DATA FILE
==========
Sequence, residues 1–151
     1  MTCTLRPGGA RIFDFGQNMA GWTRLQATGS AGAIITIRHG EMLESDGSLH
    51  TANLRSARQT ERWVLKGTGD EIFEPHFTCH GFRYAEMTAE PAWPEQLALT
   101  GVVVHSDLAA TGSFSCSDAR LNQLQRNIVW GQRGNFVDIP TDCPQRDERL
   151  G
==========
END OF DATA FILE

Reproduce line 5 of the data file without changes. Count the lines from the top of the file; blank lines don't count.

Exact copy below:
   151  G